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WASHINGTON — The on-the-ground groups targeting the opioids crisis almost universally support Washington’s efforts to direct more resources and flexibility toward their work. But a new coalition is cautioning that one proposed federal change — supported both by lawmakers and the Trump administration’s opioid commission — could actually hurt the people they’re all trying to help.

At the center of the controversy: an effort to relax federal privacy rules for substance abuse treatments.  The commission, led by Gov. Chris Christie (R-N.J.), along with a bipartisan group of lawmakers, has suggested that relaxing those rules could ensure that doctors don’t prescribe opioids to patients who suffer from an opioid addiction they haven’t disclosed. The commission and some lawmakers have also suggested a need to relax those and other federal privacy rules to let doctors notify a family member when a person overdoses.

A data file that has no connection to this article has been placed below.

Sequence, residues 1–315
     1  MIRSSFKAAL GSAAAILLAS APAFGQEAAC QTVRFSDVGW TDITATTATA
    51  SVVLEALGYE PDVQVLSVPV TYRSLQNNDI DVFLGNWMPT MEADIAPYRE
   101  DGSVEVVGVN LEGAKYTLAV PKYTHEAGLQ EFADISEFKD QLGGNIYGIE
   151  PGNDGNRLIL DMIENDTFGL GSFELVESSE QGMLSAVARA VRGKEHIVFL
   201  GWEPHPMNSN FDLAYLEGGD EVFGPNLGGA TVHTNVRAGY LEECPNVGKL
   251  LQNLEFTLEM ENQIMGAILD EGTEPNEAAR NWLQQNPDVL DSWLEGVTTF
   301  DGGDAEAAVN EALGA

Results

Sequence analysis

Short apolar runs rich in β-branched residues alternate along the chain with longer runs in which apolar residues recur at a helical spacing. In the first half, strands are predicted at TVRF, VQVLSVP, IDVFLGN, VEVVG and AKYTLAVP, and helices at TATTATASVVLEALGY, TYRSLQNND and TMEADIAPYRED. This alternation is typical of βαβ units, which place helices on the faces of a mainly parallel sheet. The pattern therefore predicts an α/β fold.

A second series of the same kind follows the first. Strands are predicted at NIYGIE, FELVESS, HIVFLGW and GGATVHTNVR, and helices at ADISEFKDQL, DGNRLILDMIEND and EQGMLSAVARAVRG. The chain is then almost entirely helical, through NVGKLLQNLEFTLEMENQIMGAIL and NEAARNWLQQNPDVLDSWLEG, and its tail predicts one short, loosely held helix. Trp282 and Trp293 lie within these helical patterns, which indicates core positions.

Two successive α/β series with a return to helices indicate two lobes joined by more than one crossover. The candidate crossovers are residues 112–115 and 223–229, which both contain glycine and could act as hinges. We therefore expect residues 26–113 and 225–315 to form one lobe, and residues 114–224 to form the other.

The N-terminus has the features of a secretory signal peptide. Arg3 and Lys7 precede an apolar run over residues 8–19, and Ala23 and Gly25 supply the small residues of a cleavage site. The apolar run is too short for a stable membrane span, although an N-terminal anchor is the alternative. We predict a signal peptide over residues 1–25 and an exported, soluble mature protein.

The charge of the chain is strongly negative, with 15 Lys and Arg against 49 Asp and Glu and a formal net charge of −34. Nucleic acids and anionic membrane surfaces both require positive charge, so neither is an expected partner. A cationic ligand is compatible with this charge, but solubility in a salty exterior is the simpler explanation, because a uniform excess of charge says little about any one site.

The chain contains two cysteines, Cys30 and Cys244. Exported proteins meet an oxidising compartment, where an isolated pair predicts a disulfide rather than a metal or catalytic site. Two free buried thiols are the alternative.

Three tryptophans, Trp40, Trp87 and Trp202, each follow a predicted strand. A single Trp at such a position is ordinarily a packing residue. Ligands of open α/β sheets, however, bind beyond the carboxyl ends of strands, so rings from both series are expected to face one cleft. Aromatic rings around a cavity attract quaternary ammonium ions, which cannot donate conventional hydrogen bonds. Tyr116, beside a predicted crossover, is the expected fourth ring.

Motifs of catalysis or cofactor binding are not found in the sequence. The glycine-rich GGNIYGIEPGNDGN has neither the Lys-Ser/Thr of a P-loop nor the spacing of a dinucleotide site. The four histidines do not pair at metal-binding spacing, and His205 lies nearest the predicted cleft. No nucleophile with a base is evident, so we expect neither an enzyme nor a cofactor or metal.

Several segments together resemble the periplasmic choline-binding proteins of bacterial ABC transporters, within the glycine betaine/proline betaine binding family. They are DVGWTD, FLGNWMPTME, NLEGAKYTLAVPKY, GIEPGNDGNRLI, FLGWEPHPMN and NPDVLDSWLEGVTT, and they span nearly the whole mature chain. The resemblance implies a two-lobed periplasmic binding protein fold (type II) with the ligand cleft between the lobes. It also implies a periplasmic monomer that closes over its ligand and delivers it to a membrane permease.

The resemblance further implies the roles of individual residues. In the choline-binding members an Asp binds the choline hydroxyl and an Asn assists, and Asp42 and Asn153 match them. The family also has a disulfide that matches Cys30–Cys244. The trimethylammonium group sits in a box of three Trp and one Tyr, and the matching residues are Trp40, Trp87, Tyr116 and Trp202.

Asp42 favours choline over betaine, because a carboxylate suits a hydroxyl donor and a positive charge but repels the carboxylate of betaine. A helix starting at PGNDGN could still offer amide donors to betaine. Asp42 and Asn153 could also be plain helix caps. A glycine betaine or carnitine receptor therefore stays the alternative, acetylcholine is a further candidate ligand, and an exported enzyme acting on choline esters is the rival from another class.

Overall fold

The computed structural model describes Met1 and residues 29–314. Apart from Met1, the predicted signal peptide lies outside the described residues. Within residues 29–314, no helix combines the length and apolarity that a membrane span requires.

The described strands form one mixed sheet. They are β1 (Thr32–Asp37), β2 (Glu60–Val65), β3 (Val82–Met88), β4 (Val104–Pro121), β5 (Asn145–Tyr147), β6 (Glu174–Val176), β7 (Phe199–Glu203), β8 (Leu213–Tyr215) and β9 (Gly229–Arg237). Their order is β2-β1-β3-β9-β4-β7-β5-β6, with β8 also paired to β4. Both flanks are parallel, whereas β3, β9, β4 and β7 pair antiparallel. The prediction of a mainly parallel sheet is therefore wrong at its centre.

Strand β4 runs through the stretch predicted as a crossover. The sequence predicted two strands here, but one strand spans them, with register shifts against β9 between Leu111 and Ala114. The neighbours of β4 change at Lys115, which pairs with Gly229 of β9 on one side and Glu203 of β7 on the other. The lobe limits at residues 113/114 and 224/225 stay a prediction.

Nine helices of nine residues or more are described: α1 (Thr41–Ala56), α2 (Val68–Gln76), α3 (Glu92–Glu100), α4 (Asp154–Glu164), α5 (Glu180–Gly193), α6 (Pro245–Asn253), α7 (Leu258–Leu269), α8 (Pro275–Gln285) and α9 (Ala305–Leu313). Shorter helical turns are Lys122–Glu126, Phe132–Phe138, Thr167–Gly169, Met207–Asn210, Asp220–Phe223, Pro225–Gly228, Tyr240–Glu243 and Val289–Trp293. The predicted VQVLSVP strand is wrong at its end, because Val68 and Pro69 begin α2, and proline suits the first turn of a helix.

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  • I share the critique. On an ideological level I would argue that addiction should not mean that at individual should lose his or her right to privacy. Would we consider taking away that right from people who have other illnesses, disabilities, pain or life struggles? On a practical level, if people can’t count on health care providers to protect their privacy then they may avoid getting care that they need. Addiction does not define an individual’s entire being. Addicts and non-addicts alike experience all kinds of health problems. We should never put people in a position where they can’t or won’t access care because they are afraid that health care providers will betray their private information to law enforcement or even to their families.
    I know that not everyone will see it this way, but to me there is a parallel here to old (and sometimes new) laws that required or allow health care providers to tell a woman’s parents or husband that she has requested contraception or an abortion.
    As a national consensus regarding the need for accessible and available treatment for addiction grows, we need to be vigilant that treatment doesn’t become another stick to beat people with.

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